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Dr BR Ambedkar – A champion of freedom of speech & expression
Like every year, Ambedkar Jayanti was once again celebrated in a grandiose manner.
Like every year, Ambedkar Jayanti was once again celebrated in a grandiose manner. As usual, all leaders garlanded his statues and profusely spoke about his contribution to the empowerment and uplift of Dalits. Those at helm of affairs like Chief Ministers and ministers also took pains to explain how they were taking their states forward. Celebrations have become an annual event and yet another occasion for blowing one's own trumpet.
Some shed tears saying how even 75 years after Independence Dalits continue to remain poor, and how they were trying to be their saviours. All these speeches we have been hearing year after year. But what is missing is seriousness on the part of politicians to really understand the ideals and ideology of Dr Bheemrao Ramji Ambedkar. No one spoke on how to take forward the ideology of Ambedkar. Unfortunately, every leader tries to look at him as in icon of Dalits though there is much more to him.
Dr Ambedkar was a man of logic. He said, "I measure the progress of a community by the degree of progress which women have achieved." This shows that he was also a feminist icon. He always felt "A great man is different from an eminent one – in that he is ready to be the servant of the society," which is very relevant for today's India. Ambedkar was a civil servant par excellence. Today, the Indian civil service has taken a new avatar and has become merely a job.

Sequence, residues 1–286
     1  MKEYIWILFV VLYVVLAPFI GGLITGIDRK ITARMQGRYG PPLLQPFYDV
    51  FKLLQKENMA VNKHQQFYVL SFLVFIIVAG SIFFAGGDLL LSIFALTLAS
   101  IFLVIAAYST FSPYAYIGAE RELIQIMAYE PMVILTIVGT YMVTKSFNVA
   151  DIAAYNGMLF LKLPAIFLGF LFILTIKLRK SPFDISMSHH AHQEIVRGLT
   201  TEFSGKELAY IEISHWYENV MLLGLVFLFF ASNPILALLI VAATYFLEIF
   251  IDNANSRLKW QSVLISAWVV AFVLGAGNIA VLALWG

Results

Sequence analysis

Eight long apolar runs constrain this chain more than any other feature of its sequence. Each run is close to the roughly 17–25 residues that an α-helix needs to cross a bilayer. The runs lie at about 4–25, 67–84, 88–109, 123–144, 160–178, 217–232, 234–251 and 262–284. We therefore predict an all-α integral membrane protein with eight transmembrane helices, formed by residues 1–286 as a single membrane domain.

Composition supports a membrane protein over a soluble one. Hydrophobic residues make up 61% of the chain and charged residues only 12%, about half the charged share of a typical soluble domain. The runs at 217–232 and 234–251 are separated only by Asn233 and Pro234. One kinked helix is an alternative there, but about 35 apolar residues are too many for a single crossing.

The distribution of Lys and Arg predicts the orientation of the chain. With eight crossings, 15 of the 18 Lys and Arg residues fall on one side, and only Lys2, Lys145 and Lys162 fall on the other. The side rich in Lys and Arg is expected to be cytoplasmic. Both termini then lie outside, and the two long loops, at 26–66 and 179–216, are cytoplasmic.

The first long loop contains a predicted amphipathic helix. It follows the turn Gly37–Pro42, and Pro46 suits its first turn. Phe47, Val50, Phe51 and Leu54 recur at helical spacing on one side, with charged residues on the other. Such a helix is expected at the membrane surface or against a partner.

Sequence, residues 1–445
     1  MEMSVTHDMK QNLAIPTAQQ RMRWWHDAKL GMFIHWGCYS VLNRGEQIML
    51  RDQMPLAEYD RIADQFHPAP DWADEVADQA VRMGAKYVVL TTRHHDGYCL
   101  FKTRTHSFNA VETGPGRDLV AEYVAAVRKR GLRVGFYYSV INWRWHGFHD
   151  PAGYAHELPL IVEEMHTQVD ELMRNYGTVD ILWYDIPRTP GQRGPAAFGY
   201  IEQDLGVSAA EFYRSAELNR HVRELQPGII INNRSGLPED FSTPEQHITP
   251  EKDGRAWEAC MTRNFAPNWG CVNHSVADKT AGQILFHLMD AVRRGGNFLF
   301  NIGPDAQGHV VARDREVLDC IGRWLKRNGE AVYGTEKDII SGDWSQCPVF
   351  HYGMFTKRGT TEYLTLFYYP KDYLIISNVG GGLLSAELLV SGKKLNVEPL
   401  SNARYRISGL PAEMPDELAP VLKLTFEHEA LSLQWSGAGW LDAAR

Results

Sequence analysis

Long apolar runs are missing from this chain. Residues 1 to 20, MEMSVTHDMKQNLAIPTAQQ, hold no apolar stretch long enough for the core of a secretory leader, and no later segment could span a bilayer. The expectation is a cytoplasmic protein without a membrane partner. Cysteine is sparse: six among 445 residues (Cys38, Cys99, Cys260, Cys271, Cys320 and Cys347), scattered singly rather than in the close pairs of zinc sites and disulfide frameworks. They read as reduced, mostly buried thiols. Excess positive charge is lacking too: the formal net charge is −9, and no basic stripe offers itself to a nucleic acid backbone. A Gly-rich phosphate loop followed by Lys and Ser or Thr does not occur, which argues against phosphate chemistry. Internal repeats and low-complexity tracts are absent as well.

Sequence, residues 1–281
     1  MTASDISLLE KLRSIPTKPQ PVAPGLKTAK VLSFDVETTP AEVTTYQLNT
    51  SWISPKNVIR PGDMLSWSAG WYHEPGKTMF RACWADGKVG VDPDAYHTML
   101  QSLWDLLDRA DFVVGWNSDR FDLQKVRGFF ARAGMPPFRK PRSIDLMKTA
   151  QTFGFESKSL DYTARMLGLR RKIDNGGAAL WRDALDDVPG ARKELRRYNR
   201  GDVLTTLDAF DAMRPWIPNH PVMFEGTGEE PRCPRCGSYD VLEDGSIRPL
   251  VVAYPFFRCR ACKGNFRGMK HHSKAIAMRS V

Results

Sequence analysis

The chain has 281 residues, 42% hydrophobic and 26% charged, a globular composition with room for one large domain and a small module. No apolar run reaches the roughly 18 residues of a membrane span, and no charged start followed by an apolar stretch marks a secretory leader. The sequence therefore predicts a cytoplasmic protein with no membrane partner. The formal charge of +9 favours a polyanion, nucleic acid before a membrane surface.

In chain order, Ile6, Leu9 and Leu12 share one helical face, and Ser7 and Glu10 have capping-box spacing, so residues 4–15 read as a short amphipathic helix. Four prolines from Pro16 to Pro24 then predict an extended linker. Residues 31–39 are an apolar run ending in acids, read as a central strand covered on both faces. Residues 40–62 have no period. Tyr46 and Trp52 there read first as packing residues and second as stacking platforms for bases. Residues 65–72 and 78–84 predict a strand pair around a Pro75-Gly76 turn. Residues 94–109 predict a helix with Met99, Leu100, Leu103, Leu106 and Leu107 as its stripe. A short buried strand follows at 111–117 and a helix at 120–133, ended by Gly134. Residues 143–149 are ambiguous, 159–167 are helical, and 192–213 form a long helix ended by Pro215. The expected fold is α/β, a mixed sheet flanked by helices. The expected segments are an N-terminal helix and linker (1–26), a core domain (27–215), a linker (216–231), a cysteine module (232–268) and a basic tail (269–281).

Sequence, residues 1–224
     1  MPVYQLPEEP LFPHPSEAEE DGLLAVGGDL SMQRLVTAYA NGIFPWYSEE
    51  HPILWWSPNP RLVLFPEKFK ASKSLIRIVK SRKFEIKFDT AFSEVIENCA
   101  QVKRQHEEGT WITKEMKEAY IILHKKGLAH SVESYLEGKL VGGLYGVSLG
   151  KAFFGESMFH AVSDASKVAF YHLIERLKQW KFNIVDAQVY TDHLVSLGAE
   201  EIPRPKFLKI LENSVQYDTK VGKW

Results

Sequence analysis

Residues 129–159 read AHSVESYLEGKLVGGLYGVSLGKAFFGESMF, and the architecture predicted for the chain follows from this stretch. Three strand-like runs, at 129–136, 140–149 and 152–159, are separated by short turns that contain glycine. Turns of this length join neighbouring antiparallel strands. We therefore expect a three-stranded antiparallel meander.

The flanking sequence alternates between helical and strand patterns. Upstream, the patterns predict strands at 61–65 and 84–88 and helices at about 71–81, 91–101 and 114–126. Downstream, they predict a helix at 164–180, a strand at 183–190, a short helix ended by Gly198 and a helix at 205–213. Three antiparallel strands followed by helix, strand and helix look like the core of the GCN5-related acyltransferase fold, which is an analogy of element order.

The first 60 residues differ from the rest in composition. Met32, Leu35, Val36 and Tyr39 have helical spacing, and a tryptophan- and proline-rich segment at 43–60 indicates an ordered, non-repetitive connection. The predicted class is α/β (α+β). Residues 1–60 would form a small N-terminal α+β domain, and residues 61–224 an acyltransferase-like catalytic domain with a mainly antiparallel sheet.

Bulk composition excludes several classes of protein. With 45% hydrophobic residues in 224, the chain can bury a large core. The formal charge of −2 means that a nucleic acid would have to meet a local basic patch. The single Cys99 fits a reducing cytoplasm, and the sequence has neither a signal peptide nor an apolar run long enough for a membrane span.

Dr Ambedkar spoke on and pursued many issues pertaining to all sections of the society including the media. He was himself a great communicator. He was also a successful journalist. Many of us must have heard about a magazine called 'Harijan' launched by Mahatma Gandhi in 1933 to propagate the cause of untouchables. But what the Indian media does not talk about is how Ambedkar laboured to run his newspaper when the pro-Congress media refused to speak about the oppressed classes. He used the power of word to emancipate the untouchables. In 1920, he launched a Marathi fortnightly, "Mooknayak, (the leader of the dumb)". In April 1927, he started "Bahishkrit Bharat (Ostracized India)". In 1930, he launched started a new journal named, "Janata (The People)". This magazine lived for 26 years. After that, the magazine's name was changed to "Prabuddha Bharat (Enlightened India)". He strongly believed that newspapers could bring about a change in the lives of the millions of oppressed people.
Dr Ambedkar was one who had firmly advocated the freedom of the press and that is why he accorded a pride of place to the freedom of speech and expression while drafting the Constitution of India. "Freedom of speech and expression" has been declared a fundamental right under Article 19(1)(a), subject only to the reasonable restrictions that may be imposed by the state under clause (2) of that Article. Media, according to Dr Ambedkar, was 'A bird without wings.'